This is easily one of the unique features of the Echo Spot. Thanks to the front-facing camera and the display, you can make calls to anyone from your contact list. So long as the contact shows up in the list and have the Alexa app installed on their device, you can make and receive video calls from the Spot. A feature called Drop In has to be enabled for a contact to be able to communicate with you on Echo Spot. This feature is a double-edged sword. Yes, I would like to make calls using the front camera on my Echo Spot, but I don’t want a friend or relative making calls or dropping in directly via my Echo Spot. Familiarising yourself with this process is not that time-consuming. Depending on your internet speeds, you can get a clear feed. Echo Spot’s far-field microphones may make those video calls with distant relatives a bit less painful.
At the heart of all Amazon Echo products lies the voice assistant named Alexa. Just like Siri on the iOS, Cortana on Windows and Assistant on Android, Alexa is Amazon’s virtual assistant to help you get things done. Unlike all the other three voice assistants, which started off on a mobile interface where along with listening to the voice, you could also see the results on the display of your devices, Alexa trajectory has been the other way round. The Echo Spot provides a more mobile like experience thanks to the display.
But first things first, does Alexa understand Indian accents?
During my testing, I realised that there wasn't an issue for Alexa to recognise my Indian accent, so long as my queries included proper English. According to Amazon, the Echo line of products has been selling all over India since its launch, which has ensured that Alexa understands the accents correctly. But there were definitely instances when Alexa would not return anything, especially when my queries involved regional language words. For instance, when I asked Alexa to play some of my favourite Marathi songs, barring the popular 'Zingaat' it returned no results. Having seen the first generation of voice assistants such as Siri and Assistant, I feel Alexa is much better prepared.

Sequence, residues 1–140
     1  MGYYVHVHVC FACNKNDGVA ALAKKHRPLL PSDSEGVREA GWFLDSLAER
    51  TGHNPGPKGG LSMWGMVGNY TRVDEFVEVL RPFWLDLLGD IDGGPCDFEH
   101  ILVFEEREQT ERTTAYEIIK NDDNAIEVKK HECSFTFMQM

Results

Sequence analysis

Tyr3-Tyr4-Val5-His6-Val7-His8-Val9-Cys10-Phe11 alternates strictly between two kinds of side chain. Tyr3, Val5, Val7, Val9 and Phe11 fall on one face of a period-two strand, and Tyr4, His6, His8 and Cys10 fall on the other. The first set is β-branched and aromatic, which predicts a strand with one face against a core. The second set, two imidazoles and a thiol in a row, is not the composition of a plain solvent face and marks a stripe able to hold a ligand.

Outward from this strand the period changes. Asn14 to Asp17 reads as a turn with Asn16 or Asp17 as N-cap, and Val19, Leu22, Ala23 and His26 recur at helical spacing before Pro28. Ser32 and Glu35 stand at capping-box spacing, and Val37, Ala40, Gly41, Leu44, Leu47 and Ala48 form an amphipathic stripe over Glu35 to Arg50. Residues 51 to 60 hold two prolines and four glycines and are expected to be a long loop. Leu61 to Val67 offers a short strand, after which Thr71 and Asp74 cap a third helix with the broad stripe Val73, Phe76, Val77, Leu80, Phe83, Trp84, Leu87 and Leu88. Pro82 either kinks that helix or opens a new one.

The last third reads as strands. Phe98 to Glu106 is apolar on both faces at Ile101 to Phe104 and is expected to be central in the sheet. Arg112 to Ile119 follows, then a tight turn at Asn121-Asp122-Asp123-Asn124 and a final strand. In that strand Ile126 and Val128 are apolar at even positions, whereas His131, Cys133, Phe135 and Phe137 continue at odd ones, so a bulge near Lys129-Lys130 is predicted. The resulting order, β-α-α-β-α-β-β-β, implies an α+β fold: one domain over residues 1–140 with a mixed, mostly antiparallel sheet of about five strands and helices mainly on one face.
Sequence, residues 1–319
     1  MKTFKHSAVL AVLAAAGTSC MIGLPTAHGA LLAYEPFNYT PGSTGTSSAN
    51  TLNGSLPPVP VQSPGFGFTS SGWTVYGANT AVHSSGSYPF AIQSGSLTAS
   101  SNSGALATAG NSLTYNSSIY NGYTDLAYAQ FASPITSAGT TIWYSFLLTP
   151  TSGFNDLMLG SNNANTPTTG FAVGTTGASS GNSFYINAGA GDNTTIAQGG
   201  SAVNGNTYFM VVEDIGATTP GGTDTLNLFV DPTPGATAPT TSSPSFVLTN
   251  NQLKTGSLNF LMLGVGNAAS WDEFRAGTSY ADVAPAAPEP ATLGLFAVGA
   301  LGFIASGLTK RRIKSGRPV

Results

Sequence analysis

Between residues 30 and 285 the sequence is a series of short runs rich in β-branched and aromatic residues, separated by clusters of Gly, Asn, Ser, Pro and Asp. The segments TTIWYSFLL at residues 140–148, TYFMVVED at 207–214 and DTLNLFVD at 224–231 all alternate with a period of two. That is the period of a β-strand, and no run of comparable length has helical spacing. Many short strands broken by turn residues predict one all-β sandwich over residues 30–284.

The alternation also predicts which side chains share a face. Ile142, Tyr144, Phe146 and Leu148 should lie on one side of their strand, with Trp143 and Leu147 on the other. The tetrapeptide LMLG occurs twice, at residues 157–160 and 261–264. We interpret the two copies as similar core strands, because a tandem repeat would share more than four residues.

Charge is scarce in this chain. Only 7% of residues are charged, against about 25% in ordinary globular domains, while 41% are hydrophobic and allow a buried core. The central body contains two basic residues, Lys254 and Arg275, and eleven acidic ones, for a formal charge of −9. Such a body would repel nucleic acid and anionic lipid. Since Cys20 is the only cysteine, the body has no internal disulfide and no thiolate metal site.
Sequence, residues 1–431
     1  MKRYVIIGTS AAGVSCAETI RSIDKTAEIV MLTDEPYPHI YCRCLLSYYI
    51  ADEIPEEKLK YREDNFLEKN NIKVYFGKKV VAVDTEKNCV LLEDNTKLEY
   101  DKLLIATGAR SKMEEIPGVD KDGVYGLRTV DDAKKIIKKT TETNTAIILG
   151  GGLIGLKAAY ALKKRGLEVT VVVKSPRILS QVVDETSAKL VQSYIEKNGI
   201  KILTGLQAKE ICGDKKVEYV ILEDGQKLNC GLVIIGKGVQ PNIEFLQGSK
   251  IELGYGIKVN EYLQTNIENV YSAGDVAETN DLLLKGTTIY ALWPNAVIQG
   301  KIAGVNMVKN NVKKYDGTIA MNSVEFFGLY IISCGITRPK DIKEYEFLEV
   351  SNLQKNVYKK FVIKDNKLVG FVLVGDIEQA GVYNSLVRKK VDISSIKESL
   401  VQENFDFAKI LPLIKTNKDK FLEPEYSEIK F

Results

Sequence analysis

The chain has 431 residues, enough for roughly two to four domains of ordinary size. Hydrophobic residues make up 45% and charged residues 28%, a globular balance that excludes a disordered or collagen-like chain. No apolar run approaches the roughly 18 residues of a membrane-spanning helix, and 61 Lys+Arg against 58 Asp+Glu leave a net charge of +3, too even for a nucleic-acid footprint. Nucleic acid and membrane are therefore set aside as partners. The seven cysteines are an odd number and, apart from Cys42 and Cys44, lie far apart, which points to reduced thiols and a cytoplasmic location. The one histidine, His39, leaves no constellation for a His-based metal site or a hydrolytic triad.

You have to say the wake word, ‘Alexa’ before giving any command. You can change it in the settings to Computer, Amazon, Echo. I kept it to Alexa as that just sounds more humane than the others. Unless you say the trigger word, the Echo Spot will not respond to you and this can get annoying when you are within a playlist and want to move to the next track. There should be a way for Alexa to understand the context it’s operating in and then let you work within it without having to say the wake word every single time. Google has already done that in Home, where it understands the contextual conversations. This is a great way to ensure a smooth flow of conversation.
The four far-field microphones are on constantly and so is the camera. Now, some may find this a bit unnerving. If you belong to that category, then simply add a sticker on the camera to block it. Amazon has come on record and said that it does not record any audio unless the trigger word is spoken. I liked how the blue circular border tends to become a different shade in the direction from where the sound is coming, when you are giving a command, indicating Alexa listening to you. It is a very smart visual indicator. But unlike the Echo Plus, I found the microphones to be average especially when you tried to give the speaker commands while it was playing some music. I found myself repeating the trigger word in many instances, which isn’t ideal.
If you are someone new to the Echo ecosystem, it will take some learning curve to acquire the right Skills. There are hundreds of thousands of skills, and you have to familiarise yourself with them. The best way to get started is Settings>Things to Try feature which will have you covered for the first few communication sessions with Alexa.
As you use the Spot more, you can discover more Skills related to the apps and services you are interested in. Off the bat, music is provided by Amazon Prime Music along with TuneIn and Saavn support as well; Podcasts are played off TuneIn radio; Flash briefing will default to whichever news media organisation you have set in the Alexa app to and you can change this.